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It's now or never for these Chargers
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“What hit me right in the face was this doesn’t last forever,” Rivers said about the retirements of running back LaDanian Tomlinson and guard Kris Dielman. “This does come to an end.”
As will the tenures of head coach Norv Turner and general manager A.J. Smith if the Chargers don’t rebound in 2012.
Their seats can’t get much hotter after two straight seasons without a playoff appearance and the failure to reach a Super Bowl in previous years with more talented rosters. If Turner and Smith were fired, a roster shake-up would likely follow under a new football regime.
This fact isn’t lost on Chargers players as the team opens its preseason.
Rivers described his locker room as having a “backs-against-the-wall mentality.” Wide receiver Vincent Brown seconded the thought, saying, “We can’t go out like we did last season.”
“We’re driven by not making the playoffs, not playing to our standard and not playing consistent,” free safety Eric Weddle told FOXSports.com after a weekend practice. “We love our coach. We love this organization. But we don’t know what the future holds. All we can worry about is each day, each meeting, each practice and getting the most out of now.”
The sense of urgency is reflected by the uncharacteristic way Smith has overhauled San Diego’s roster.
Loathe to dip into free agency during his 10 previous seasons in San Diego, Smith added a whopping 17 veterans during the offseason and re-signed two starting offensive linemen, left tackle Jared Gaither and center Nick Hardwick. Most newcomers will serve in backup or contributing roles — “layering” is how Smith described it — as he tries to address the depth problems that crippled the team’s playoff hopes in 2011.
Smith said he realized such a radical personnel departure was needed last fall as the Chargers became mired in a six-game losing streak. The offensive line was particularly hard hit as 13 different players were used during that stretch.
A 9-7 record would have given San Diego the AFC West title. Instead, the Chargers went 8-8 and finished behind Denver (8-8) as a result of divisional tiebreakers.
“In hindsight, maybe if I had done a better job in some backup situations, instead of six (losses) we do three,” Smith said. “You do the math.”
There is other blame to go around.
San Diego had the NFL’s worst third-down defense, allowing the opposition to convert at a 49 percent clip. The Chargers fired coordinator Greg Manusky and promoted linebackers coach John Pagano to the position.
Turner said the Chargers have tweaked their scheme to become “more aggressive up front.” San Diego added free-agent Jarret Johnson (Baltimore) and 2012 first-round draft pick Melvin Ingram to a group of pass-rushing linebackers that include Antwan Barnes, Shaun Phillips and Larry English. The Chargers also are expecting fellow rookie Kendall Reyes to contribute as a pass rusher in the defensive-line rotation.
“When you have a great pass rush, the (defensive backs) are even better,” Chargers inside linebacker Takeo Spikes said. “It goes hand in hand. Everything starts up front.”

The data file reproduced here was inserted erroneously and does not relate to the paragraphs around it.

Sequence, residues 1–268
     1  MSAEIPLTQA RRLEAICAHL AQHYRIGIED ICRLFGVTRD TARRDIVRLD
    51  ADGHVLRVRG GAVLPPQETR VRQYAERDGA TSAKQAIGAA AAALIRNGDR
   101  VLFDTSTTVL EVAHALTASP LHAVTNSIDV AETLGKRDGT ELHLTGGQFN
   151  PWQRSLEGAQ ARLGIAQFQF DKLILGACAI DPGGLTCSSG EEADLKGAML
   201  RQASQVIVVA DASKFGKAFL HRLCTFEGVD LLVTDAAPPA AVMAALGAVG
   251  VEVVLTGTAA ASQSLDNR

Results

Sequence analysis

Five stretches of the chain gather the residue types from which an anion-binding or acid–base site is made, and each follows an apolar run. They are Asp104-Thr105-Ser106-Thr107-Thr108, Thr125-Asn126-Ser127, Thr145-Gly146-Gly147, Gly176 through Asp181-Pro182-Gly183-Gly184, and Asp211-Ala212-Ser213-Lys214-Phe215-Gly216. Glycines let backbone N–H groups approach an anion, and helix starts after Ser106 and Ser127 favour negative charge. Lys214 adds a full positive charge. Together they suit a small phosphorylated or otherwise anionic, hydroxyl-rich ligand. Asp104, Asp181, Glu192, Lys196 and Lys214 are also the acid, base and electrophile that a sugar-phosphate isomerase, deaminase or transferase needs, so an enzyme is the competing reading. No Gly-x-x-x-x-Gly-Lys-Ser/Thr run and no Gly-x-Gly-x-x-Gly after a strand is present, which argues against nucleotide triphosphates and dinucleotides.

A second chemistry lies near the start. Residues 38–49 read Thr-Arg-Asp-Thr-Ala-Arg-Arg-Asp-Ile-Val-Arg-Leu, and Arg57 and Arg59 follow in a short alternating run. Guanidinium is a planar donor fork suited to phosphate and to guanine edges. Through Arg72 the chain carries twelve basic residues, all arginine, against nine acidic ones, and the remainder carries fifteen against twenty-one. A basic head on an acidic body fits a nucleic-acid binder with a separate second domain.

Although offense is a Chargers strength under Turner, there was some tweaking there, as well. Rather than attempt to match the five-year, $55.6 million contract that Vincent Jackson inked with Tampa Bay, the Chargers signed four veteran wide receivers, led by Eddie Royal (Denver) and Robert Meachem (New Orleans).
Neither fit the bill of tall wide receivers that the Chargers have featured in recent seasons, such as Jackson and the returning Malcolm Floyd. Royal and Brown are instead expected to serve as the top underneath threats to help spring Floyd, Meachem and tight end Antonio Gates for more downfield opportunities.
Third-year running back Ryan Matthews also is expected to cede his third-down role to free-agent pickup Ronnie Brown. Matthews, though, has set the bar high for his rushing totals coming off a 1,091-yard season.
“The first thing I asked him was, ‘We going for 1,800 (yards)?’ ” new Chargers fullback LeRon McClain said. “He said, ‘2,000.’ Our goals are set high.”
For the Chargers to reach theirs, Rivers must rebound from what for him was a subpar 2011 campaign. Rivers remained among the league leaders in passing yards (4,624) and touchdowns (27), but he also threw a career-high 20 interceptions and lost five fumbles.
“I know I need to play better,” Rivers said. “We can talk about every stat in the book, but it’s just don’t turn the football over. There was a lot of good last year, but the bad was real bad.
“I’m not going to go play careful this year, but it’s a mind-set of when to fit it in there, when to check it down, and when to throw it up in the bleachers and let Mike Scifres punt it 70 yards. It’s just playing the situation better.”
At 30 years old and entering his ninth NFL season, Rivers is the best active quarterback yet to win a Super Bowl title. Rivers believes all of San Diego’s offseason moves give him the opportunity to shed that label.
“We’ve had a great nucleus of guys here,” Rivers said. “We’ve been able for the most part to keep that intact. But I think it’s a matter of just trying to create a way to give you an edge. Maybe it’s a focus. Maybe it’s a mind-set. Maybe it’s a few different players here and there.
“The one thing that stands out to me: In this locker room right now, there are probably more guys in here who love to play football than we’ve had in years past. That’s not to say that we haven’t had guys who loved it. We have. But there’s more of them. The more guys you have like that, the better chance you have to win.”
That’s something the Chargers must do or more changes are coming.
Alex Marvez and cohost Gil Brandt interviewed Philip Rivers, A.J. Smith, Norv turner, Takeo Spikes, Vincent Brown and LeRon McClain on SiriusXM NFL Radio.